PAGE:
schools start remotely

Earlier this summer, Governor Murphy announced that schools must offer some in-person learning in the fall and recently he announced that schools must also allow remote learning for students who opt to stay home. Now, school districts that can’t meet safety standards can decide not to open for  in-person learning in September while they work on safety measures to be able to reopen later.

After announcing that he was signing an executive order today to allow schools and colleges to reopen, Murphy acknowledged the  issues with reopening buildings. “Not only will this not be a normal school year,” said Murphy. “There is no one-size-fits-all plan to this very difficult situation.” 

Districts  like Elizabeth submitted reopening plans that were strictly remote, citing that not enough teachers are willing to return to classrooms, and the teacher’s union has also called for an all-remote option. 

“For the past six weeks, we have relied upon the work of local educational communities to determine the best way for their schools to reopen,” Murphy said during his press conference. “We have provided significant flexibility, including providing parents and guardians with the option to choose all-remote learning for their students. While also at the same time adjusting expectations based on the latest science and data, such as last week’s announcement of mandatory face coverings for all students while in school.”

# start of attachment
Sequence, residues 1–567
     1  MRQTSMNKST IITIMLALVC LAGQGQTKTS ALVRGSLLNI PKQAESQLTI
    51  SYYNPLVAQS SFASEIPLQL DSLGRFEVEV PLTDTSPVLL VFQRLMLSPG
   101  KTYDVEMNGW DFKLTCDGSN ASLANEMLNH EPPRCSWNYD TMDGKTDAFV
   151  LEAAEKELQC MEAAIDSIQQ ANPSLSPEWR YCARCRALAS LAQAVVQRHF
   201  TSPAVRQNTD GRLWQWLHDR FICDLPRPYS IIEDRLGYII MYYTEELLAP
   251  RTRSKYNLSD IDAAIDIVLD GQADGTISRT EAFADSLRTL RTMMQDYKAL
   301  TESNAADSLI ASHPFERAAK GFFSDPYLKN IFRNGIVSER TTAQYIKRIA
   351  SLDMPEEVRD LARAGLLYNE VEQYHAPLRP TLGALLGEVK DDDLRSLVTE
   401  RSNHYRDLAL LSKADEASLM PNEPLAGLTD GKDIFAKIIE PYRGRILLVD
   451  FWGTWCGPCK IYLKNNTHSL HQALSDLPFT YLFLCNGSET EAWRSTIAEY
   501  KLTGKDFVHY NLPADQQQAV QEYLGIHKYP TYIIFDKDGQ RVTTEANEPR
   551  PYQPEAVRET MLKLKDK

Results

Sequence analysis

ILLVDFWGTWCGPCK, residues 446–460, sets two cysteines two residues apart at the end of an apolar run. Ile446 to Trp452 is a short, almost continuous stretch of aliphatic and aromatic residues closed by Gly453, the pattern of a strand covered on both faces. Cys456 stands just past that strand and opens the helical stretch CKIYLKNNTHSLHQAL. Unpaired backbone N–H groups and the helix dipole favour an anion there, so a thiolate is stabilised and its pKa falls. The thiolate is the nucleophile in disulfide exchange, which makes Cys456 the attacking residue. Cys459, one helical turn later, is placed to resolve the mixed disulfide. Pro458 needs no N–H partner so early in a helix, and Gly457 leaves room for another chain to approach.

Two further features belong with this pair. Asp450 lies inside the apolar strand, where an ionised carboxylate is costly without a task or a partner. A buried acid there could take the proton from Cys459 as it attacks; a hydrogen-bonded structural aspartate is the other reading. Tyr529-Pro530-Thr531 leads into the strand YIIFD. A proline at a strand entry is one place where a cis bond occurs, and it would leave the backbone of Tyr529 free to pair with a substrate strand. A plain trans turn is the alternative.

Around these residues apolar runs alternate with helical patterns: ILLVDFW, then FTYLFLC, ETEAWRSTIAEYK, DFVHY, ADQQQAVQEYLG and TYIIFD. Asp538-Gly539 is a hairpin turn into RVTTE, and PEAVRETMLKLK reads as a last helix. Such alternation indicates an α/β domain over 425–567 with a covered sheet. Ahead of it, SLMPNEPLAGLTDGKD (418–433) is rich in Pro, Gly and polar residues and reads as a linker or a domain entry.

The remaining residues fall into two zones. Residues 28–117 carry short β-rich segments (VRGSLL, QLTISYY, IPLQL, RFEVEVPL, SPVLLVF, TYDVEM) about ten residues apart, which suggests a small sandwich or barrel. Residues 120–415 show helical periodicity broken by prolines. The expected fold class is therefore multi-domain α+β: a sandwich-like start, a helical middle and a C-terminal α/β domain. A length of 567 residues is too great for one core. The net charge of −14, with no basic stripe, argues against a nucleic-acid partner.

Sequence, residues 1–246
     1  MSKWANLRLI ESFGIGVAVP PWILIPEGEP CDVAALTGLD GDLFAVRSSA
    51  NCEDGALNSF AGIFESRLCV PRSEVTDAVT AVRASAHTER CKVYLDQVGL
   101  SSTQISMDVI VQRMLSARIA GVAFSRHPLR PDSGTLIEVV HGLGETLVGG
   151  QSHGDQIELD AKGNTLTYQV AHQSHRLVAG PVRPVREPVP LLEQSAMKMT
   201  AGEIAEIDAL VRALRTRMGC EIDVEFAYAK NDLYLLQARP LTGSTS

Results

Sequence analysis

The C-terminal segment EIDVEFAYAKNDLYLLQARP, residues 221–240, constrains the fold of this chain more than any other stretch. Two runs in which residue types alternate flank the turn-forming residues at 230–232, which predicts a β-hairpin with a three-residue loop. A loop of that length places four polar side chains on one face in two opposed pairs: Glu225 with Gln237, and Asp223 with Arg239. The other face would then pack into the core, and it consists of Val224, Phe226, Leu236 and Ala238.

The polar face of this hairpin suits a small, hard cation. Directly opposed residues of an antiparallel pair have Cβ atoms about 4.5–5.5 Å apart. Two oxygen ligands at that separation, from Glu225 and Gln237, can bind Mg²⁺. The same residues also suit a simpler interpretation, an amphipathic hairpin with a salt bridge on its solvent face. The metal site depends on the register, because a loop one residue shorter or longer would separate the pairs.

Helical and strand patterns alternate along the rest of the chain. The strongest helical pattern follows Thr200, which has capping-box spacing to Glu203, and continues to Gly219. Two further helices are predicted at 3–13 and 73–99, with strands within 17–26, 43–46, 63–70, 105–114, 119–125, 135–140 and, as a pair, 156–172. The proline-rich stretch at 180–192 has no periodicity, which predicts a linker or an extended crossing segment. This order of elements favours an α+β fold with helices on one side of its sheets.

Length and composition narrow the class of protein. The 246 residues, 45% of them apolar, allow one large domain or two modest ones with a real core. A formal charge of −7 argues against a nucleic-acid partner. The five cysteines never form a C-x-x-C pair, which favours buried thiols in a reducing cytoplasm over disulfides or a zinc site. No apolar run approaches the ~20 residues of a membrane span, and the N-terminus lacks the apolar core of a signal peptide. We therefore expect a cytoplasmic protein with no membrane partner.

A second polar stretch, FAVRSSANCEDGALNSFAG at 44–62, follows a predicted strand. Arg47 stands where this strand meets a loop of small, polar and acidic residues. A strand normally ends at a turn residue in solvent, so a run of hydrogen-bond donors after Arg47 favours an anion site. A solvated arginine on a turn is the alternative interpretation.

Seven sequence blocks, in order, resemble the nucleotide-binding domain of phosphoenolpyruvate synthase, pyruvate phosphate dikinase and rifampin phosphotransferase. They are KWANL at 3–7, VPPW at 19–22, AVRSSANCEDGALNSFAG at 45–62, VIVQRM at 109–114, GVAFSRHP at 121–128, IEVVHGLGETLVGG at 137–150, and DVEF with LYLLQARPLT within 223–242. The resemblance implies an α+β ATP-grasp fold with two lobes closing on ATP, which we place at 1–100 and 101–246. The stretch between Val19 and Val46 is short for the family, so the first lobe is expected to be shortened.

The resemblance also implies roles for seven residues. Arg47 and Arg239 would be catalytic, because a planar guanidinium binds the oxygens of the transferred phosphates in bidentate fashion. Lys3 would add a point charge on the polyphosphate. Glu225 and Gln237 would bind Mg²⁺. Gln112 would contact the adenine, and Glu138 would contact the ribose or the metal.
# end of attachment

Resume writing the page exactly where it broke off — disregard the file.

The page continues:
“We recognize that for some districts, there are legitimate and documented reasons why some of these core health and safety standards can not be met on day one,” he adds. “For these districts today, we are reaffirming our commitment to provide the flexibility for districts to do what is best for their school community.” 

“Districts that cannot meet all the health and safety standards will begin in an all-remote fashion,” he said. “Public school districts will need to spell out their plans for satisfying  these unmet standards and a date by which they anticipate the ability to resume in-person instruction.” 

Murphy also said  that the districts that fall into this category must offer a strong remote learning option that would satisfy NJ’s high standards of education to ensure kids get the best education possible. 

As of today, there were 484 new COVID-19 positive test results reported, with 592 patients currently hospitalized with virus  symptoms. Another nine people passed away due to the virus, with a total of 14,046 New Jersey residents  lost due to complications of COVID-19.